Victoria ranked one of nine data center-ready cities

June 7, 2013 at 1:07 a.m.

A new certification gives the Crossroads a leg up in the world of data centers.

Victoria is one of nine cities certified by American Electric Power as having data center qualified sites, according to a news release issued by consulting firm Biggins Lacy Shapiro & Co.

Data centers are typically large buildings that store racks of data-processing equipment, said Dale Fowler, president of the Victoria Economic Development Corp. Companies looking to store their information can transmit via the fiber-optic superhighway, he said, and know that information is secure.

"It's a very clean, high-capital, high-technology industry," he said. "They're becoming very common around the country."

Victoria's site relates to a 200-acre tract of land between U.S. Highway 59 and Vogt Road that the Victoria Economic Development Corp. has under option, Fowler said.

The nine sites were chosen because of their reliable power supply, strong fiber networks, low disaster risks and business-friendly climates, according to the release.

"As the data center industry has grown more sophisticated, the need for a more systematic approach to identifying and qualifying potential data center sites has become evident," Tracey Hyatt Bosman, Biggins Lacy Shapiro & Co.'s managing director, said in the release. "Data centers require highly specialized service from utilities, and a site qualification program is an important part of a utility's preparedness to respond to industry inquiries."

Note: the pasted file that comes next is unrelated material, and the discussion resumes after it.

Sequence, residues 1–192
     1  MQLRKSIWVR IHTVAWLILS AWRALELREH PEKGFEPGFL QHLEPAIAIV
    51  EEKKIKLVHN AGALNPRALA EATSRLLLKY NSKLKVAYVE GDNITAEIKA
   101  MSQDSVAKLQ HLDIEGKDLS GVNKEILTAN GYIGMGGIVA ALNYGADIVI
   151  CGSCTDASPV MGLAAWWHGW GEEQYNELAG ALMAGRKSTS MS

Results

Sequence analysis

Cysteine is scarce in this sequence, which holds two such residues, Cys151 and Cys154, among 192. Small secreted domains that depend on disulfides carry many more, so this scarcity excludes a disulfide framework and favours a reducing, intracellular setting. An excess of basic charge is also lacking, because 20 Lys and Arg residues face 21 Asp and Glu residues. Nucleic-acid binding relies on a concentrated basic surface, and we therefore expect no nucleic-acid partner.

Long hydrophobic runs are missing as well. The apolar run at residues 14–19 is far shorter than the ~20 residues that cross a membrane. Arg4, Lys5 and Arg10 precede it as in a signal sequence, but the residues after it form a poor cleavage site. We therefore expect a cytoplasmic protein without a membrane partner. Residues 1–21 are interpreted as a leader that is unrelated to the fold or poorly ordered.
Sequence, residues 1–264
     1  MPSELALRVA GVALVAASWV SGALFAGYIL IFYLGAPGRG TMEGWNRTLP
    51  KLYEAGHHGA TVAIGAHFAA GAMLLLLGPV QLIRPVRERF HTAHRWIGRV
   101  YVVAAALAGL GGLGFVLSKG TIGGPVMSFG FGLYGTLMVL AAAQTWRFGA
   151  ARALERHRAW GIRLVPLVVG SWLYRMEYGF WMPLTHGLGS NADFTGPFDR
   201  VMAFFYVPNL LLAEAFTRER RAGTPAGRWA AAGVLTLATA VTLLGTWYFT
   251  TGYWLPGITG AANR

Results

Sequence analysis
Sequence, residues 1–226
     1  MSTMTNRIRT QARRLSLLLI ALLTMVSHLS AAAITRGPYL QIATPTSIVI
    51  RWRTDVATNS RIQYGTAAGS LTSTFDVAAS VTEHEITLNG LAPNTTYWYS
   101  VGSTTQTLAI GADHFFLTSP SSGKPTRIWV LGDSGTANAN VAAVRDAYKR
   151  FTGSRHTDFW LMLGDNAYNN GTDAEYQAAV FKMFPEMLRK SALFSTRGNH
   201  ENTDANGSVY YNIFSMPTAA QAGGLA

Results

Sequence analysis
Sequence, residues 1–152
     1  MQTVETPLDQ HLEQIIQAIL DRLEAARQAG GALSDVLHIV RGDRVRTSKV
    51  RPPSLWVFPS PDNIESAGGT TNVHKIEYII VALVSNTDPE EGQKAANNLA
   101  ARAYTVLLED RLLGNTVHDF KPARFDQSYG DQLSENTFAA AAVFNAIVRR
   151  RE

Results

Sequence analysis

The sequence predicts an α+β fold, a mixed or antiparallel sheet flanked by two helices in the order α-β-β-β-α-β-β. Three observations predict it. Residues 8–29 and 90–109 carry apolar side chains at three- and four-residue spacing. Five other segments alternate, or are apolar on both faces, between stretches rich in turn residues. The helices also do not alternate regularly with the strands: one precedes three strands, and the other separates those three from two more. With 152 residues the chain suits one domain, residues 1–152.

Biggins Lacy Shapiro & Co., along with Sugarloaf Associates, evaluated locations through a three-phase process, analyzing access to long- and short-haul fiber providers, electric costs, vendor/supply networks and more, according to the release, while a third-party engineering company also modeled each site's ability to accommodate a center based on current industry specifications.

The prequalification process offered AEP the chance to understand - and better meet - data center users' needs, Mark James, AEP's vice president of economic and business development, said in the release.

Fowler said the certification is yet another tool the economic development group can use to market Victoria to a specific industry.

"This is AEP's way of helping the communities, as well as helping themselves attract new data center locations to their service territory," Fowler said. "What this may mean to the community is - if successful - a substantial new investment in the community and good-paying jobs."



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